Laboratory Design next step
For all designs we make we model it in 3d. We use Autodesk Revit to get this job done. The first step of the design is to group analyses into different areas. The basis for grouping can vary.
Creating different lab areas
A grouping can be done based on the type of samples (examples):
- Dry versus wet samples
- Oil samples vs environmental samples
- Workflow related areas
- High versus low concentration of analyzed compound (contamination)
Grouped by testing types
While other laboratories would better be grouped based on the type of testing:
- Wet versus dry
- Chemical versus physical tests
- Dirty versus clean samples.
Combination of groupings
Often it will be a hybrid of the above-mentioned groupings. After grouping, the equipment can be assigned to the different areas. The assignment of equipment will be the basis for further optimisation. Some rearrangements can lead to lower equipment costs, prevention of contamination or more efficient workflow.
Laboratory Area design
Together with the client, we can decide which parameters are deemed more important. Each area can now be further investigated:
- What is the need area?
- How much bench space is needed?
- What utilities are needed (e.g. electricity, gases, water)?
- What others items are needed (fume cupboards, local extraction, sink units, storage)?
All relevant information will be available in the Building Information Model (BIM)
A. First result detailed laboratory design
This group now slowly becomes a laboratory room. Inside this room, we can look where to place the equipment. Furthermore, we can look into the supporting items such as:
- fume cupboards
- sink units
- sample preparation equipment etc.
Various parameters will help in deciding how to design each room, such as:
- What are the safety rules?
- How to implement the walking route?
- What supporting materials are needed (extraction, utilities, storage)?
- How to avoid/handle contamination?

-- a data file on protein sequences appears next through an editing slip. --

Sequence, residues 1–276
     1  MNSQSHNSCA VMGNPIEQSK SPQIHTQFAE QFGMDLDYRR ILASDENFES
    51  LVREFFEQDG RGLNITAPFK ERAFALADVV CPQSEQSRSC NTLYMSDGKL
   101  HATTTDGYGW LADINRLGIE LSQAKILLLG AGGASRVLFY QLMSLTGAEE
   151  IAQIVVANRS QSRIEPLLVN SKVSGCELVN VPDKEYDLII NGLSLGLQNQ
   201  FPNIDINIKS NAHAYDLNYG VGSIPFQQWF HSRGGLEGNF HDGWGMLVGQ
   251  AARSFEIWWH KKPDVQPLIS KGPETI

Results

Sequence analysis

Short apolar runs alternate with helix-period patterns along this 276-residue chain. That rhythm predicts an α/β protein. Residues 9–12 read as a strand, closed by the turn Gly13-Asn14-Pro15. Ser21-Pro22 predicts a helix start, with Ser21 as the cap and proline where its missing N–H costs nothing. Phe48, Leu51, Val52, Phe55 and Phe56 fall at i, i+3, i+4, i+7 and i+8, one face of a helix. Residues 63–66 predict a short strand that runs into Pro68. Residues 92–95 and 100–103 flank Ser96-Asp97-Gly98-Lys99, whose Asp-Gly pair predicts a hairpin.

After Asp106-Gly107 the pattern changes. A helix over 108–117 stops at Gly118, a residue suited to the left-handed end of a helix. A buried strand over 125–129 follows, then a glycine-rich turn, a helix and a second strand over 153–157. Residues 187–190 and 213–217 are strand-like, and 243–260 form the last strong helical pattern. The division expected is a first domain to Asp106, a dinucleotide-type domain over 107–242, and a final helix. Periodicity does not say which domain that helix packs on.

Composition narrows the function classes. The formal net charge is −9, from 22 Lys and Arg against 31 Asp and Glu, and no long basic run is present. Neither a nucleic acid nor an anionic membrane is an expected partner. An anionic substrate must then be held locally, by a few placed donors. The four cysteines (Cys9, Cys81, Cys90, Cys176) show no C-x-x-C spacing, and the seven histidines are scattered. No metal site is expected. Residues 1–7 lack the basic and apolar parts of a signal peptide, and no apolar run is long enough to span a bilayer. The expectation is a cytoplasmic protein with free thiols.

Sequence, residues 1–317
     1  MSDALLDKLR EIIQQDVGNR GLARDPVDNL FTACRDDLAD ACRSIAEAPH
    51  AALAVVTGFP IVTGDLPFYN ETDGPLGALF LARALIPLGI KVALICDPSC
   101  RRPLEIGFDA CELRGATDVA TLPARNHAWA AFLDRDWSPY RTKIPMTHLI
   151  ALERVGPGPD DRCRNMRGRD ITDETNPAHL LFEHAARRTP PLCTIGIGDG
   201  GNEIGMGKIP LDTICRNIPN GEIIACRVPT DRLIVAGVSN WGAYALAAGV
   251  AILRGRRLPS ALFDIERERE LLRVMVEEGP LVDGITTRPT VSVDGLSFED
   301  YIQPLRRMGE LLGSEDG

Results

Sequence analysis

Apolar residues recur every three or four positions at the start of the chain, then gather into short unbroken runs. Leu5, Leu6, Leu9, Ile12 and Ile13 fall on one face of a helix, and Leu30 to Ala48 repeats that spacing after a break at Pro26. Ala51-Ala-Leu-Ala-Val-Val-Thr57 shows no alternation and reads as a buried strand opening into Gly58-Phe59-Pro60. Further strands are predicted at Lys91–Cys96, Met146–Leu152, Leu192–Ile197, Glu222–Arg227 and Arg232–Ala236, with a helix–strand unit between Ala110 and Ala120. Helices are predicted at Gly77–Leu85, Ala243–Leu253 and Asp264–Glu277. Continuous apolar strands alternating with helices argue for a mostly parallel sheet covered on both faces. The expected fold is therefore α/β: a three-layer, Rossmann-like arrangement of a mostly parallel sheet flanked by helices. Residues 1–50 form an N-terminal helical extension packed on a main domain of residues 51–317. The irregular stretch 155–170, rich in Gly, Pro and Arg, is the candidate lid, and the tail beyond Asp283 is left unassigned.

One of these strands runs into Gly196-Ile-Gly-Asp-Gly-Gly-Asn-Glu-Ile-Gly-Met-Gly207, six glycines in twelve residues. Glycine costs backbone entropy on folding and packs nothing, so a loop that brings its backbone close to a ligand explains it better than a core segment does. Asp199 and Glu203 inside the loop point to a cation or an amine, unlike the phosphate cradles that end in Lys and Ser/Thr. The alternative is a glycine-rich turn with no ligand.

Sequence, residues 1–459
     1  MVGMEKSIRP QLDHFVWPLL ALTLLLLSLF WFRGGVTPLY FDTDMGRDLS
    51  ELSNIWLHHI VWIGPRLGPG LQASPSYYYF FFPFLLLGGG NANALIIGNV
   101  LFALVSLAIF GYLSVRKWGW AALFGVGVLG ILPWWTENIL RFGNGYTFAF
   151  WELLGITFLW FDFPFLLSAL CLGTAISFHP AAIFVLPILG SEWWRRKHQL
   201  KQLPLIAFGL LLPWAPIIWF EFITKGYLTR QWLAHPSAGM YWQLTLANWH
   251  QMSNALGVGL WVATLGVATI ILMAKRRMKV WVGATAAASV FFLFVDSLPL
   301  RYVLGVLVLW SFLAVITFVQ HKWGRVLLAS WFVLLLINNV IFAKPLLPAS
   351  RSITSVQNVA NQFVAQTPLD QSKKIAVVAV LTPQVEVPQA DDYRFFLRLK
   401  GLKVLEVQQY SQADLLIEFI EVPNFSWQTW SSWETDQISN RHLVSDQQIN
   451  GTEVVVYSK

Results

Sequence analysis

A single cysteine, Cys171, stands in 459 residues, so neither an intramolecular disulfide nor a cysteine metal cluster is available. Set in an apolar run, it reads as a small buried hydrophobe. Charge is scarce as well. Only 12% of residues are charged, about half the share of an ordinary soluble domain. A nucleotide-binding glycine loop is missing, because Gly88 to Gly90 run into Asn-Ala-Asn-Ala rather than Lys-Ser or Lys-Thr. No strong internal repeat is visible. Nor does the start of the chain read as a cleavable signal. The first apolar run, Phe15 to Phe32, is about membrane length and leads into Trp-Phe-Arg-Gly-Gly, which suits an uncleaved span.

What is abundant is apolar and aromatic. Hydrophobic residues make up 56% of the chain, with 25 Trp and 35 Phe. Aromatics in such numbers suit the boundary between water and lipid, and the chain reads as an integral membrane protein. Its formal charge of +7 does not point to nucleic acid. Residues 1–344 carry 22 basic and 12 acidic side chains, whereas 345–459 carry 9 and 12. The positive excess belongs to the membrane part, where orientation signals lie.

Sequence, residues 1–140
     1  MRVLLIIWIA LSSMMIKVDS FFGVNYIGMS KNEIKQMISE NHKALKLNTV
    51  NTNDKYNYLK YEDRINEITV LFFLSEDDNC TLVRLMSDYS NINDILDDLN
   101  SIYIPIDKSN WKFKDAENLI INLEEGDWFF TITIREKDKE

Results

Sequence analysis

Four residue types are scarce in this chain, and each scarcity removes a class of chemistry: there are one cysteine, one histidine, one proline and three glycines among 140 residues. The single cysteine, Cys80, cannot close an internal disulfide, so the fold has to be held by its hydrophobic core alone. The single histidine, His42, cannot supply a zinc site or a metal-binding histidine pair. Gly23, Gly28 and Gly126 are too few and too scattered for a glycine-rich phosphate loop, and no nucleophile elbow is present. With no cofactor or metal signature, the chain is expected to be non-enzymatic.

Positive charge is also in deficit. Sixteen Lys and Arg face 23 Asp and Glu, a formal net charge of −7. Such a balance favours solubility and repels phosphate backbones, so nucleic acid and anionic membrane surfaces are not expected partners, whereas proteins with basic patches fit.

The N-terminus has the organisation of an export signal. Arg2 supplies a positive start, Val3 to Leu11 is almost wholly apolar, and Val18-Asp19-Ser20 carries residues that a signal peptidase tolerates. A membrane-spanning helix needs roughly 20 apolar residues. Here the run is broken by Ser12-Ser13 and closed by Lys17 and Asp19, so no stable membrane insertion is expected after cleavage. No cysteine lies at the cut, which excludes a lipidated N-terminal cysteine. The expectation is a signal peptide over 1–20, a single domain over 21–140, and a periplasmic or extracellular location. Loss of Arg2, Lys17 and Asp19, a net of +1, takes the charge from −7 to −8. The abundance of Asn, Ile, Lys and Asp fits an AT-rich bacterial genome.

B. Optimizing the laboratory design
During this phase, the relation between the different groups can be analyzed. As a result, issues arise if groups are kept together. Sample routes will no longer be efficient because they might be too far apart. But also with respect to contamination and safety.
Together with other non-laboratory spaces (e.g offices, storage, changing rooms, utility rooms) a rough building plan can be drawn up.
In conclusion, this process of laboratory design is an iterative process. It will be balancing the different parameters. Optimizing one parameter can negatively influence another parameter. For example, optimizing a sample/walking route might negatively influence the cost or maybe have a negative impact on possible contamination.
As slowly the layout of the rooms gets shaped and the position of the rooms gets settled it is time to start the design of the laboratory building.
C. Detailed laboratory design, the optimized end-result
Finally, it is time to sit around the table with architects and building contractors. Looking at the site it can be decided where to place the building and what space is available. In addition, things like sample supply routes are checked. Consequently, another round of iterations to layout the rooms and layout the whole building will be done.
As a result of this process, the project can be checked for its Fit4Purpose.
Consequently, a budget for the project can now be made Fit4Budget.